Windows 95 Turns 25: When Windows Went Mainstream

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Windows 95 Turns 25: When Windows Went Mainstream

Here we can see, “Windows 95 Turns 25: When Windows Went Mainstream”

On August 24, 1995, Microsoft launched Windows 95. This innovative and highly successful PC OS weaned people that used PCs off of command lines. It also made Microsoft a household name. Here’s why Windows 95 was so special.

All Windows, All the Time

One of the foremost notable features of Windows 95 was that it tried to steer users completely far away from a prompt for the primary time. Unlike Windows 3.11, Windows 95 booted straight into a graphical interface, despite the very fact that it had an enhanced MS-DOS kernel running under the hood.

Before Windows 95, PC owners had to shop for MS-DOS and Windows separately, then install one on top of the opposite. By default, most people still booted into MS-DOS, then ran Windows whenever they needed it.

Windows 95, though, wrapped both the Windows shell and MS-DOS into one product and called it an entire OS.

The greatest advantage of an MS-DOS lineage was Windows 95 was widely backward-compatible with thousands of programs written for MS-DOS and Windows 3. x out of the box. This made it a reasonably painless upgrade for many people.

On the downside, being supported MS-DOS made Windows 95 susceptible to frustrating crashes (largely thanks to memory management conflicts), especially in comparison to something like Microsoft’s Windows NT.

Five years later, the Windows NT line only began to bridge the professional/consumer divide with Windows 2000. It didn’t fully replace the DOS-based Windows 9x series until Windows XP launched in 2001.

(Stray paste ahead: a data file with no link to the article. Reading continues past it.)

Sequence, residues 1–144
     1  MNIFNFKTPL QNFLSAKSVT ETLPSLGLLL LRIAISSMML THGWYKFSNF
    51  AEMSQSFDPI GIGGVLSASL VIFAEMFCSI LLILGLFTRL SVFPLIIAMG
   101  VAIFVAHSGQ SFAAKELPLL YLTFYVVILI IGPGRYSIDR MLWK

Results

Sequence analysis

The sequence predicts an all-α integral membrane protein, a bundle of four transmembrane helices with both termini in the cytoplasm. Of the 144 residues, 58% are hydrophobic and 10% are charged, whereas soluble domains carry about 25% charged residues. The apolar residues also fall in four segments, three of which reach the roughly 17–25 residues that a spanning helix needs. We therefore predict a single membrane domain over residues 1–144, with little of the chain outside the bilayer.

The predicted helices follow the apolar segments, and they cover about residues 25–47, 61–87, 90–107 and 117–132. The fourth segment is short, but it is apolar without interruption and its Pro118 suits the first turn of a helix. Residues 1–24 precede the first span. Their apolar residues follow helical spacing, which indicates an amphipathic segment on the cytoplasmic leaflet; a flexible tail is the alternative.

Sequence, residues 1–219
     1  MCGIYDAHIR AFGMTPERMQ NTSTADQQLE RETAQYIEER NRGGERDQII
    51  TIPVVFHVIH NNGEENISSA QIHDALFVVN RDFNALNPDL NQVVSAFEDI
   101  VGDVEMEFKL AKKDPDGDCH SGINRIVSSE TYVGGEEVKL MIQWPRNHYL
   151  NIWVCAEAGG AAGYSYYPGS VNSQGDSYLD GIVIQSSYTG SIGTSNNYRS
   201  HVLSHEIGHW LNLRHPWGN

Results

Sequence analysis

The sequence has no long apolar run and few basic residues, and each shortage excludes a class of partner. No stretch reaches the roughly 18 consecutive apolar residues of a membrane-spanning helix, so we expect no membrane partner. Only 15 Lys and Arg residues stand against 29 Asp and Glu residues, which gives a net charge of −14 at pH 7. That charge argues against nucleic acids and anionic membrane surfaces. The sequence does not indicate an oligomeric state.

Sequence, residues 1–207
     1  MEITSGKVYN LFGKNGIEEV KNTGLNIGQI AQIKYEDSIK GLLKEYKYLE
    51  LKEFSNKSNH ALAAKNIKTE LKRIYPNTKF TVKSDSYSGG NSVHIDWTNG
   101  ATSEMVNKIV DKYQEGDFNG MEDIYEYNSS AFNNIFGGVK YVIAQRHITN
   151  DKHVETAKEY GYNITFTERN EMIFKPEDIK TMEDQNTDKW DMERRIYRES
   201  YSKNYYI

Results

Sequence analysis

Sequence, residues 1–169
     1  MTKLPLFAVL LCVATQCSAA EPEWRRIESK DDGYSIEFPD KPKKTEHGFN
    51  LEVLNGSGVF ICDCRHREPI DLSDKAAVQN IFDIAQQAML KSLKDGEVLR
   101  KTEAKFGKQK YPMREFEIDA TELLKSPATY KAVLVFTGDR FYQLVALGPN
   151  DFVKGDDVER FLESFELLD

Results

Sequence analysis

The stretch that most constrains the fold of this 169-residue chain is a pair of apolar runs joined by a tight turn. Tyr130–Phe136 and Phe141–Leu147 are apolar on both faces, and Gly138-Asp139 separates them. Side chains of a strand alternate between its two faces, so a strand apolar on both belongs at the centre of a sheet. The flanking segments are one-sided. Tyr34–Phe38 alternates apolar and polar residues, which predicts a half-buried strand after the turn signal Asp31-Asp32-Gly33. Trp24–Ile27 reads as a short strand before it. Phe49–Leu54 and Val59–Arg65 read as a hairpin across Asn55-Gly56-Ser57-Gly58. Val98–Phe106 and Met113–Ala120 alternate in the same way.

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The Birth of the Start Menu and Taskbar

Suppose you’ve used Windows within the last 25 years. Although, in that case, you’re conversant in the long-lasting Start menu and taskbar, both of which originated in Windows 95. the beginning menu served as a concise and logical replacement for the Program Manager in Windows 3.x to arrange and launch installed applications.

Microsoft featured the beginning button prominently in much of its advertising and touted it as an easy way for anyone to “start” using their Windows PC.

The Start menu also gave rise to some comic confusion, as shown during this August 1995 ny Times review, which lamented, “Where is that the pack up option? On the beginning button, of course!”

The Windows 95 taskbar stretched across the rock bottom of the screen (as it does now), providing a compact but sophisticated thanks to managing tasks across multiple application windows. Windows 3.x had no such functionality, nor did the Macintosh at the time.

It might be argued that it had been the beginning button and taskbar that allowed Windows 95 to surpass Mac OS in functionality for the primary time. That was an enormous deal in 1995, as Apple fans had long derided Microsoft as playing catch-up with Macintosh. Unfortunately, Mac OS didn’t get an activated-by-default launcher or task manager until the OS X Beta in 2000.

The Origin of Windows Explorer (and More)

Windows 95 marked the primary appearance of Windows Explorer (now called “File Explorer”), a file manager and OS shell rolled into one. Unlike Windows 3.x, which split file and application management into two different programs, Explorer united them (similar to Finder before it). It handled windows filled with icons representing both files and applications and the beginning menu and taskbar.

Other Windows 95 software innovations included:

  • A right-click context menu for direct file operations.
  • A desktop area that would store files is a folder.
  • File shortcuts.
  • The Recycle Bin.
  • Device Manager
  • “My Computer” on the desktop.
  • A system-wide “Find” utility.
  • Native 32-bit application support (via the Win32 API).
  • Support for the new DirectX API, which allowed full-screen Windows gaming.